Posted on 01 March 2008
By Mark Miller
Q: My family just experienced the recent deaths of both parents within in a 20-day period. In addition to other assets willed to the heirs; there exist IRAs that are worth a little over $40,000. For ease to obtain funds while our parents were alive, they made one brother the beneficiary for easy access if needed. It was intended that upon our parents’ death the funds remaining would be divided four ways– there was no need to access prior to the deaths, and there is no conflict on the intent; the named beneficiary agrees to the division. Is there a way these IRAs can be rolled to individual children/heir accounts, one for each heir, and allow them to accrue and grow–withdrawals at a latter time, as dictated by age and retirement of each heir? Can we avoid cashing these and paying taxes now-leaving them to continue to grow; and taking and paying taxes at a later time; which will actually add more to the tax amount in later life. The children that would participate in this potential roll-over range in age from early 40s to early 60s. - MDF, Denton, Texas, Via RetirementRevised.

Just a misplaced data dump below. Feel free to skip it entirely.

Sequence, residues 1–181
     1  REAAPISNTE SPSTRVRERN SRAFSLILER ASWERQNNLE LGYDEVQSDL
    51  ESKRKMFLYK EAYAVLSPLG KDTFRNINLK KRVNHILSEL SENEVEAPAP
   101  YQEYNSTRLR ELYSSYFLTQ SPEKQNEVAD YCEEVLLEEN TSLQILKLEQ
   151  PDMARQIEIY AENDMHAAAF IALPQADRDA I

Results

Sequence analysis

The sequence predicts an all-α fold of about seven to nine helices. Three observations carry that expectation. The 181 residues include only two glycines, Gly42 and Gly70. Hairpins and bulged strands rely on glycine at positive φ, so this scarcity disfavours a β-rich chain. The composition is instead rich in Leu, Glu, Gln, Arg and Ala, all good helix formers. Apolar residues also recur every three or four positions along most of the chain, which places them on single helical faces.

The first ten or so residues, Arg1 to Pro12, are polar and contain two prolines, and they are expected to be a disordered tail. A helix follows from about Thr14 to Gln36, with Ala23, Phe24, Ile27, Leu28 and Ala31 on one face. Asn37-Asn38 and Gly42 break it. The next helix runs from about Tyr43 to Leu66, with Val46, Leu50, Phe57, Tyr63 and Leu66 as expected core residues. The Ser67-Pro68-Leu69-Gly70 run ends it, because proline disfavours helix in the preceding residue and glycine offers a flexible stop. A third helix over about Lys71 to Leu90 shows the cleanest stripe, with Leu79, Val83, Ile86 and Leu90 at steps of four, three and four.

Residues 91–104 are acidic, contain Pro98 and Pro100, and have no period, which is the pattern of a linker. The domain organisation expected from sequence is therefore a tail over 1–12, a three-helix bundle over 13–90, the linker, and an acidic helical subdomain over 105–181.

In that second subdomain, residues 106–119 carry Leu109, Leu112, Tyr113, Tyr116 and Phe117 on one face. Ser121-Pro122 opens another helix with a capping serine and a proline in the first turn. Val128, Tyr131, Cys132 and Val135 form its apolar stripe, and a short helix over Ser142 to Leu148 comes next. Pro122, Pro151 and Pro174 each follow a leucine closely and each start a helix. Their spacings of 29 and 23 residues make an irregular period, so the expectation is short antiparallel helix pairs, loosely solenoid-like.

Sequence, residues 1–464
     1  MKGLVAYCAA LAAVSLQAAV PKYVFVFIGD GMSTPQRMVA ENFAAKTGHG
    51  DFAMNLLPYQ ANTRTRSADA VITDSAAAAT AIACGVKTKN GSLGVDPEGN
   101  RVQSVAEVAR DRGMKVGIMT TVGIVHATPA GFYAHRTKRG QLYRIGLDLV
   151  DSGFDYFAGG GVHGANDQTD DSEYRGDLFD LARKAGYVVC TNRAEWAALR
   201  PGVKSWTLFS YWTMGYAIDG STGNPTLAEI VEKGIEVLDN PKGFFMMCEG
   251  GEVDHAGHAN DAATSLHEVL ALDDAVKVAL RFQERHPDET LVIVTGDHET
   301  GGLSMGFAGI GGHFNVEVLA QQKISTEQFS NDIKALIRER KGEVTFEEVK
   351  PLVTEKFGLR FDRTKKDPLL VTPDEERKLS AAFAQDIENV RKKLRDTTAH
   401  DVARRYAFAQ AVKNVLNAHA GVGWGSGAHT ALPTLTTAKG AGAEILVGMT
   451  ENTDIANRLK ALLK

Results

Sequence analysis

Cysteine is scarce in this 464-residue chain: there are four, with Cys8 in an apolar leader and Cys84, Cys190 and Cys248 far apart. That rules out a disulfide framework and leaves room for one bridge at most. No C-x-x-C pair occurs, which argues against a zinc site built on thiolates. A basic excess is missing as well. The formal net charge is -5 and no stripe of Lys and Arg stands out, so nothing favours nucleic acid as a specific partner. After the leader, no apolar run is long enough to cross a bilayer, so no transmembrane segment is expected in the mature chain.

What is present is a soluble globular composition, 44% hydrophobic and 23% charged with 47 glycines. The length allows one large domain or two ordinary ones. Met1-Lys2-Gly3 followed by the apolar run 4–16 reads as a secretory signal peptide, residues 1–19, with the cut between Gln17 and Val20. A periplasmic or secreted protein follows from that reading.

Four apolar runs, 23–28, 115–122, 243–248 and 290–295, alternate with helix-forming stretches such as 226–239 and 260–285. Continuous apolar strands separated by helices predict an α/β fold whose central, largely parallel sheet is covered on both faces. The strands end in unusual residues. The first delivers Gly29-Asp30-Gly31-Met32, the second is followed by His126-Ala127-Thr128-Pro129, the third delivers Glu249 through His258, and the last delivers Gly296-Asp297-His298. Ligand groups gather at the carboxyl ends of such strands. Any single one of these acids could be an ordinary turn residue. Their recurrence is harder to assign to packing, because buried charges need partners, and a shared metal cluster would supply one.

A: This sounded pretty complicated, so I turned for answers to Jeff Maas and Briggs Matsko of Lincoln Financial Advisors Corp. in Sacramento, California. Briggs is a nationally-recognized retirement income distribution specialist.
Since there is only one named beneficiary, the IRAs cannot be split four ways, with the exception of the option below. Your brother can take the required minimum distribution, (or RMD, as required by the IRS) over his life expectancy which would accomplish your goal of deferring liquidation and taxation. He would divide the year end value of the accounts by his age in the life expectancy table (following IRS rules) and take a distribution each year. He could then take the after tax amount and split this four ways and gift the three siblings the correct amount. IRS Publication 590 lists the rules and an example to follow on page 20 & 21 and the life expectancy table is on pages 88 & 89, the document can be found here. The other option would be for your brother to disclaim the IRAs, which would send them through the probate process or direct the account as stated in a pour-over will. An estate planning professional should be contacted for these options.